When Laëtitia Kandolo was growing up in Paris, she thought a career in the creative industry was just a pipe dream. She thought about photography, music engineering and then eventually product development before she decided that, sink or swim, fashion was her calling.
Now, names like Kanye West, Jay Z, Beyonce and Rihanna line her client roster.
Kandolo has worked as a stylist on numerous world-renowned music tours including Kanye West's 'Watch the Throne', Rihanna's 'ANTI' tour, Madonna's 'Rebel Heart', as well as Mariah Carey's 'All I Want For Christmas Is You' tour. Her work spans both styling, editorial and creative direction.
Born to Congolese parents, Kandolo’s influence is unquestionably African. Her first fashion line, UCHAWI, is a testament to the patterns and colours that recall the culture and traditions of Kinshasa, the largest city of the Democratic Republic of the Congo (DRC) and hometown to the Kondolos.
UCHAWI has both women’s and menswear but aesthetics and target market are only part of Kandolo’s design journey. For her, establishing a brand in Kinshasa, which has a population of 10 million, is a chance to create opportunities for the people of the capital. Because of the country’s history and lack of infrastructure, these opportunities are in short supply.
For Kandolo, her brand and business are a chance to not only create an alternative but also to respond to the sustainable development goals set out by the United Nations. While a fashion line can’t save the country, it can provide employment, which in turn works to alleviate poverty, and provide a sense of pride and belonging.
“We have a close relationship with a fashion school there so we can create jobs once they are out, to show them that the fashion industry is bigger than they think,” she explains. “I also think that once you give a woman a job it can help the entire family, send kids to school make sure they have food & ensure that they're healthy enough…it’s not just clothes for me but employment, this is the main problem in Africa. We need more infrastructure not charity.”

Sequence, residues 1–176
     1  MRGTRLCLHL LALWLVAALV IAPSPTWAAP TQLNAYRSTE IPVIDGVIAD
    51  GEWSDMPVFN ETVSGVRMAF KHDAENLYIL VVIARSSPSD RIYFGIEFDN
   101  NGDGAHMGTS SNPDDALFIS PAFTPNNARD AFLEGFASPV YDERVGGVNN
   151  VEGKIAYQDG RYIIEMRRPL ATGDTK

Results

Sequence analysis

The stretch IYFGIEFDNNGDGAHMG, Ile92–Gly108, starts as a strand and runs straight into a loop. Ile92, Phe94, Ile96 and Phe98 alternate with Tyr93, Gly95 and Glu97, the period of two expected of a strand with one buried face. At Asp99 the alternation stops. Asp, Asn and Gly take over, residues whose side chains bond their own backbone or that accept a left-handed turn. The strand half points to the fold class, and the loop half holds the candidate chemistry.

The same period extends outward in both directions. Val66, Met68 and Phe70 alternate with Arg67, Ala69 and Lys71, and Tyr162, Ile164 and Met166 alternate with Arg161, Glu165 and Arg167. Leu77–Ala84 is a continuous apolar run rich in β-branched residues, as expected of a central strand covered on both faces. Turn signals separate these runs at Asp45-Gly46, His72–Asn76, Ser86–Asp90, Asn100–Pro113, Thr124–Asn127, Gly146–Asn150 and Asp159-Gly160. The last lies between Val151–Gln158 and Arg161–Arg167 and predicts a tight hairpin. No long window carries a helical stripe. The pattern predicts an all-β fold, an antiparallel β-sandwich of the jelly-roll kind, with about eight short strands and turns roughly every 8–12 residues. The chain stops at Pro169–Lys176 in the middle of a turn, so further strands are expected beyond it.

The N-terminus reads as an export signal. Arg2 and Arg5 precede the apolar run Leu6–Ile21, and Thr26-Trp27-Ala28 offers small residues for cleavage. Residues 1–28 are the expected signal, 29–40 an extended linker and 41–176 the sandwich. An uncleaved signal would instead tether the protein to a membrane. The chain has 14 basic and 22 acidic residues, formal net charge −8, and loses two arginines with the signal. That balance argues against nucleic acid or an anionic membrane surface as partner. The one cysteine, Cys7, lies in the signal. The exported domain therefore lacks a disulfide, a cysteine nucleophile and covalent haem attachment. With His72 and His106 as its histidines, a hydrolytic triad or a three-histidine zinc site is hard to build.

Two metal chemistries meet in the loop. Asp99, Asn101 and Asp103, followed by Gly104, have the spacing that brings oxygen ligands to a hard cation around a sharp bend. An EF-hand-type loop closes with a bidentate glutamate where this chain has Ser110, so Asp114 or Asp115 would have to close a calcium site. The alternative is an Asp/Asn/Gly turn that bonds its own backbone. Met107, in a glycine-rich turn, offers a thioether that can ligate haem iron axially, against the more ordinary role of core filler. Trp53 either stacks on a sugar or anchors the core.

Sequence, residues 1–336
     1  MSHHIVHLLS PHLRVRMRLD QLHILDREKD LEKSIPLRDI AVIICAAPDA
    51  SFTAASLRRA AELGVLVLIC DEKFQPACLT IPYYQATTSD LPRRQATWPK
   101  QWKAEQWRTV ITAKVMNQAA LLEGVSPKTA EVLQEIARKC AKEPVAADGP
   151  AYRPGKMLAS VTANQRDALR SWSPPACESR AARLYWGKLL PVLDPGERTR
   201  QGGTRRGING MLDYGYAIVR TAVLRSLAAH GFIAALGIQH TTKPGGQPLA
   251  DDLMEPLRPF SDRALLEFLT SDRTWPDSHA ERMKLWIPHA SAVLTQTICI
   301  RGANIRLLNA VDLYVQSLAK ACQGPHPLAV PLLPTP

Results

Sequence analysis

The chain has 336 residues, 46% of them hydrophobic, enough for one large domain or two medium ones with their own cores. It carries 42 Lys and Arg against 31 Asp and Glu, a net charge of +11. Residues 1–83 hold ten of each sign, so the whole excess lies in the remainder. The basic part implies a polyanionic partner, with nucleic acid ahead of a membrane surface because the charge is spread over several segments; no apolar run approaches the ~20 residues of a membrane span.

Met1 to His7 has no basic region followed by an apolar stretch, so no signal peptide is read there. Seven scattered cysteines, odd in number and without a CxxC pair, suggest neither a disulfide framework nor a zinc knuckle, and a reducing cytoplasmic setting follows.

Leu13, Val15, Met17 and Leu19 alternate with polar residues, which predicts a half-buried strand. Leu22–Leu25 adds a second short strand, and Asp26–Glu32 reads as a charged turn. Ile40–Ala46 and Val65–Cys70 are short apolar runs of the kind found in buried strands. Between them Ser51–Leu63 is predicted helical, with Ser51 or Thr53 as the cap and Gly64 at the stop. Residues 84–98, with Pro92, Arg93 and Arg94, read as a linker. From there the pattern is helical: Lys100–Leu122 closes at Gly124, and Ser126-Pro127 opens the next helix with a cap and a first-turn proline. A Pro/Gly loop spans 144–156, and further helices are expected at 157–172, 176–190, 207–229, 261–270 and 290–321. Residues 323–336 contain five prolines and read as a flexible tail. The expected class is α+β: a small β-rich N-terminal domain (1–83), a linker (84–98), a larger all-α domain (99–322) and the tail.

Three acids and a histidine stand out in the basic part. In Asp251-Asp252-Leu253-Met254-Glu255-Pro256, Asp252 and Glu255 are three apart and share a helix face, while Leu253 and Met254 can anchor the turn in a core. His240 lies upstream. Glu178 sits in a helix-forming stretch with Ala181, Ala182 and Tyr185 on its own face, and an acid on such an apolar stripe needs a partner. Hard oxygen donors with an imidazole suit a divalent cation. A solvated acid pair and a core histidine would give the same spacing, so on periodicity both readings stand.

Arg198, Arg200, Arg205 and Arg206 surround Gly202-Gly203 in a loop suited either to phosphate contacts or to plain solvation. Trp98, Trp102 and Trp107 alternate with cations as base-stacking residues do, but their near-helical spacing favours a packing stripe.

Her work also challenges mainstream conceptions of African fashion. Long thought to be a homogeneous mass of tribal print and burnt orange, Kandolo’s range reflects the different lifestyles and aesthetics present in today’s Kinshasa. From distribution to product to communication, Kondolo wants to show that there are new ways of building a business in Africa.
She adds, “I want to show this other Africa, shake up stereotypes. [It’s] a story written by an African woman. We need more stories about us by us.
“It’s beautiful to see how we [African designers] all talk about Africanism using different colours, fabrics, textures…but sharing the same fight: putting Africa into the Fashion map.”
More on fashion on the African continent:
Meet the future of South African fashion
African textiles are not really African. Here's how it shaped one Mozambican designer
Meet the artist behind America's only museum dedicated to African beads